U.S. House Passes Spanberger’s Legislation to Increase Funding for Recruiting & Retaining Treatment Providers for Substance Use Disorder
In 2021, A Key Loan Repayment Program for Addiction & Recovery Providers Received More Than 3,000 Applications, But the Program Could Only Support 255 Students
WASHINGTON, D.C. — A bipartisan majority of the U.S. House today passed a bipartisan effort led by U.S. Representative Abigail Spanberger reauthorizing and increasing funding for the Substance Use Disorder Treatment and Recovery (STAR) Loan Repayment Program (LRP).
STAR LRP repays student loans up to $250,000 for participants who agree to serve as a full-time SUD treatment provider in underserved areas. In 2021, more than 3,000 applications were received — but the program only had enough funding to support 255 students. In 2022, the Health Resources and Services Administration (HRSA) projected a shortage of more than 24,000 behavioral health providers by 2030.
Passed as part of the Substance Use-Disorder Prevention that Promotes Opioid Recovery and Treatment (SUPPORT) for Patients and Communities Reauthorization Act, a Spanberger-led provision would encourage more professionals to enter the substance use disorder (SUD) treatment field. Specifically, her legislation would reauthorize STAR LRP for five years through fiscal year 2028 and increase the authorized funding amount from $25 million to $40 million. Earlier this year, Spanberger and U.S. Representative Hal Rogers (R-KY-05) introduced a bipartisan bill reauthorizing and increasing funding for STAR LRP.
“Virginia’s treatment and recovery professionals provide critical support to our neighbors during some of their darkest moments. They save lives and they save families — and they deserve to be fairly rewarded for their work,” said Spanberger. “By protecting STAR LRP and increasing its funding over the next five years, we are taking an important step in making sure those struggling with addiction and recovery have access to the help and support they need. I want to thank my colleague Congressman Rogers for his partnership on this critical issue for the long-term health, safety, and strength of our communities.”
Spanberger’s legislation — passed as part of the SUPPORT for Patients and Communities Reauthorization Act — now heads to the U.S. Senate for further consideration.
Spanberger’s effort has received endorsements from more than 20 organizations — including the American Society of Addiction Medicine, National Behavioral Health Association of Providers, Faces and Voices of Recovery, National Association of Addiction Treatment Providers, NAADAC, the Association for Addiction Professionals, American Osteopathic Academy of Addiction Medicine, Council on Recovery, American Academy of Addiction Psychiatry, American College of Academic Addiction Medicine (ACAAM), American Federation of State, County, and Municipal Employees, and many more.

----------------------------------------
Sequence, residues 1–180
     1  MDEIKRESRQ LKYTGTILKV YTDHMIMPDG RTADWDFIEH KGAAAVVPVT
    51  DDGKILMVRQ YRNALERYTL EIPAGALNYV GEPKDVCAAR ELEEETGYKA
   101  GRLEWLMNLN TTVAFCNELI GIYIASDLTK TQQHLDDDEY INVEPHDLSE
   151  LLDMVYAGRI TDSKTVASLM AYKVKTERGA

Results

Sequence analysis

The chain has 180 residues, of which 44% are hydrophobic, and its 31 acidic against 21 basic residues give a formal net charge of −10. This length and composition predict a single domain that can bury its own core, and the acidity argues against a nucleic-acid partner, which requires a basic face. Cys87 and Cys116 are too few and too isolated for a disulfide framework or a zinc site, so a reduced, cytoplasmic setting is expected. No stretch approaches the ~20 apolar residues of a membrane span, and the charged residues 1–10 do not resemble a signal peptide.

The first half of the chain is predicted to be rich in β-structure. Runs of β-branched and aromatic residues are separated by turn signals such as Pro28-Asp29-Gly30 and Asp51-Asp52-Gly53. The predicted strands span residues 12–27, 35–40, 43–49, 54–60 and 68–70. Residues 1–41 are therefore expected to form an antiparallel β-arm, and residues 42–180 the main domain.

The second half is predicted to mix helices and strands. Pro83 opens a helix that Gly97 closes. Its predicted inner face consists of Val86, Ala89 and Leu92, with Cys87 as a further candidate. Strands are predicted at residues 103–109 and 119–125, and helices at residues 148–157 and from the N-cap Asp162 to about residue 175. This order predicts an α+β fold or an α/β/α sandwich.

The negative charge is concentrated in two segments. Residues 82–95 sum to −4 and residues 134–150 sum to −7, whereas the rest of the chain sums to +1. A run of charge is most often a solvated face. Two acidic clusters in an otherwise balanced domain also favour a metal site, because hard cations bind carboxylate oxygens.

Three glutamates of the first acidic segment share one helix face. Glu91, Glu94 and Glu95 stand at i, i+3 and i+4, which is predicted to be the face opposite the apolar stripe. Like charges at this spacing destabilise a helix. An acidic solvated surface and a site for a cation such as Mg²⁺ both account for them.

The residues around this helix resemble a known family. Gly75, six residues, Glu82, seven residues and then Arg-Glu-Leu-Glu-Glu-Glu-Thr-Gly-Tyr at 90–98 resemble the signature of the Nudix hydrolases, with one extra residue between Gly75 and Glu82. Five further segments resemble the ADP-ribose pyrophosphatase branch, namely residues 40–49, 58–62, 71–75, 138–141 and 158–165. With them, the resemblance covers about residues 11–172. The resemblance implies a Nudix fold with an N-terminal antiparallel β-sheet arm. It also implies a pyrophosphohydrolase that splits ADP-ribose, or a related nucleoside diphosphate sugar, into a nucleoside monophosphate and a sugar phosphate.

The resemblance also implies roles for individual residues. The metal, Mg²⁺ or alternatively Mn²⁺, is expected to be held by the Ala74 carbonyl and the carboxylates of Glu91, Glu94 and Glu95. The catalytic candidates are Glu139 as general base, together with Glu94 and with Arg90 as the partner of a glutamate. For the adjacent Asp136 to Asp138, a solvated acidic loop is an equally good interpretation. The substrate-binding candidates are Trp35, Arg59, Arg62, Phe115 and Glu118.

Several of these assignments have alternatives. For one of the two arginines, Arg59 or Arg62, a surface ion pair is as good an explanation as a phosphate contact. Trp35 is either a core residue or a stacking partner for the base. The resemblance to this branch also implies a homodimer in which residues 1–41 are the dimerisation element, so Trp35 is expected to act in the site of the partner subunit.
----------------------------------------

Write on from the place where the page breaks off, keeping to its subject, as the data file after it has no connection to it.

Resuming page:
Spanberger has consistently worked to tackle the opioid epidemic and SUD crisis, support recovery services, and block deadly drugs — including illicit fentanyl — from entering Virginia’s communities, including:
- Strengthening Virginia’s addiction prevention, treatment, and recovery services. In December 2022, President Biden signed into law Spanberger’s bipartisan Summer Barrow Prevention, Treatment, and Recovery Act, which provides $900 million of support for programs that combat substance use disorder and addiction in the Commonwealth and across the country.
- Cracking down on fentanyl trafficking at America’s borders and ports of entry. In December 2022, the President signed into law Spanberger’s bipartisan legislation — the Securing America’s Borders Against Fentanyl Act — to strengthen America’s response to fentanyl coming through the nation’s borders and ports of entry.
- Giving law enforcement officers the tools and training they need. In May 2023, Spanberger introduced her bipartisan, bicameral legislation — the POWER Act — to provide state and local law enforcement with new devices to detect and identify dangerous drugs — including fentanyl. In June 2023, she spoke alongside the Prince William County Police Department to discuss this critical step to prevent overdoses. And earlier this year, she reintroduced her bipartisan legislation to crack down on narcotics traffickers who are using illicit pill presses to manufacture counterfeit drugs.
- Fighting Tranq and holding drug traffickers accountable. In May 2023, Spanberger backed the Combating Illicit Xylazine Act, which would address the abuse of xylazine-adulterated fentanyl — also known as “tranq” — by empowering law enforcement to go after these criminals. Additionally, it would classify the illicit use of xylazine as a Schedule III substance under the Controlled Substances Act.
- Protecting Virginia children and teenagers from overdoses. Also in May 2023, Spanberger helped introduce bipartisan legislation to expand the availability of naloxone — also known as Narcan or Evzio — in Virginia schools. The Spanberger-backed School Access to Naloxone Act — modeled after the 2013 School Access to Emergency Epinephrine Act, which supported the rollout of EpiPens nationwide — would incentivize the stocking of naloxone and training of staff on its safe administration in schools across the country.